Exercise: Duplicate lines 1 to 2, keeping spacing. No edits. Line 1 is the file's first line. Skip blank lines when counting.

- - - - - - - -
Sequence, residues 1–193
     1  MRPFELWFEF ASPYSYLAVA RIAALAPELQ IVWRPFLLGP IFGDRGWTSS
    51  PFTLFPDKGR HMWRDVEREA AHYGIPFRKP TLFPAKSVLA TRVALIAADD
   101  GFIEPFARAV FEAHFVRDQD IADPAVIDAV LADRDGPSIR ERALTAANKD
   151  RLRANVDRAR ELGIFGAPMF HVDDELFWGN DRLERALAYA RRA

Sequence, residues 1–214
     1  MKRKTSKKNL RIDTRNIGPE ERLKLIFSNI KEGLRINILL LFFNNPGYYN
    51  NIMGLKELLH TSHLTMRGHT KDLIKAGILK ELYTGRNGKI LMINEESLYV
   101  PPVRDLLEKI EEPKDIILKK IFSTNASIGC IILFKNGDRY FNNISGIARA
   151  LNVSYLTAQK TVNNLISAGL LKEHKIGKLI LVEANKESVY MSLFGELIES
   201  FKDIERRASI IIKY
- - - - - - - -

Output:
Sequence, residues 1–193
     1  MRPFELWFEF ASPYSYLAVA RIAALAPELQ IVWRPFLLGP IFGDRGWTSS